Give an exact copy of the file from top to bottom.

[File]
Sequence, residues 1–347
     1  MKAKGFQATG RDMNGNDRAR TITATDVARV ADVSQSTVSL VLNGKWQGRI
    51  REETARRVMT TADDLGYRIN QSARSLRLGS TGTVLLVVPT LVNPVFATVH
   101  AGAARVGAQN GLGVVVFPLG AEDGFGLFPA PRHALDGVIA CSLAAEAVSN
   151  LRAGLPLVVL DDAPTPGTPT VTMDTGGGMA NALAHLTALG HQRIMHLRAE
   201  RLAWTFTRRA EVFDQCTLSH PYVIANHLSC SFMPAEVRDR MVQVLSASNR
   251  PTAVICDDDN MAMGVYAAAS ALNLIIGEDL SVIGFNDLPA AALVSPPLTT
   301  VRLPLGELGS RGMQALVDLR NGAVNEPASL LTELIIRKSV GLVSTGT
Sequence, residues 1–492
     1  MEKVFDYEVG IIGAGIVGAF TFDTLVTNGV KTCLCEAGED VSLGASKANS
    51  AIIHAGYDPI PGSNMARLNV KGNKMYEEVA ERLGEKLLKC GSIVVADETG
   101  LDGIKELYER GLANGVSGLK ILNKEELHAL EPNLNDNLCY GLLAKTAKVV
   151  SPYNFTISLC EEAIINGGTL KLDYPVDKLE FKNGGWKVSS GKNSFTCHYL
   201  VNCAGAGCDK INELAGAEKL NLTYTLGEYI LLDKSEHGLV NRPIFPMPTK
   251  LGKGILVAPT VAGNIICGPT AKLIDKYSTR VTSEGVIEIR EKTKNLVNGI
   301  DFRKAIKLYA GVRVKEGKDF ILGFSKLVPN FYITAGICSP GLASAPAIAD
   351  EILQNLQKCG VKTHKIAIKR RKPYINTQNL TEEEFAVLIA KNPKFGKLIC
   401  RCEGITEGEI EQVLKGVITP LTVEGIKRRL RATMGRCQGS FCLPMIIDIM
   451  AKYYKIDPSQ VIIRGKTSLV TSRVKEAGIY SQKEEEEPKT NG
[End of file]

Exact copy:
Sequence, residues 1–347
     1  MKAKGFQATG RDMNGNDRAR TITATDVARV ADVSQSTVSL VLNGKWQGRI
    51  REETARRVMT TADDLGYRIN QSARSLRLGS TGTVLLVVPT LVNPVFATVH
   101  AGAARVGAQN GLGVVVFPLG AEDGFGLFPA PRHALDGVIA CSLAAEAVSN
   151  LRAGLPLVVL DDAPTPGTPT VTMDTGGGMA NALAHLTALG HQRIMHLRAE
   201  RLAWTFTRRA EVFDQCTLSH PYVIANHLSC SFMPAEVRDR MVQVLSASNR
   251  PTAVICDDDN MAMGVYAAAS ALNLIIGEDL SVIGFNDLPA AALVSPPLTT
   301  VRLPLGELGS RGMQALVDLR NGAVNEPASL LTELIIRKSV GLVSTGT
Sequence, residues 1–492
     1  MEKVFDYEVG IIGAGIVGAF TFDTLVTNGV KTCLCEAGED VSLGASKANS
    51  AIIHAGYDPI PGSNMARLNV KGNKMYEEVA ERLGEKLLKC GSIVVADETG
   101  LDGIKELYER GLANGVSGLK ILNKEELHAL EPNLNDNLCY GLLAKTAKVV
   151  SPYNFTISLC EEAIINGGTL KLDYPVDKLE FKNGGWKVSS GKNSFTCHYL
   201  VNCAGAGCDK INELAGAEKL NLTYTLGEYI LLDKSEHGLV NRPIFPMPTK
   251  LGKGILVAPT VAGNIICGPT AKLIDKYSTR VTSEGVIEIR EKTKNLVNGI
   301  DFRKAIKLYA GVRVKEGKDF ILGFSKLVPN FYITAGICSP GLASAPAIAD
   351  EILQNLQKCG VKTHKIAIKR RKPYINTQNL TEEEFAVLIA KNPKFGKLIC
   401  RCEGITEGEI EQVLKGVITP LTVEGIKRRL RATMGRCQGS FCLPMIIDIM
   451  AKYYKIDPSQ VIIRGKTSLV TSRVKEAGIY SQKEEEEPKT NG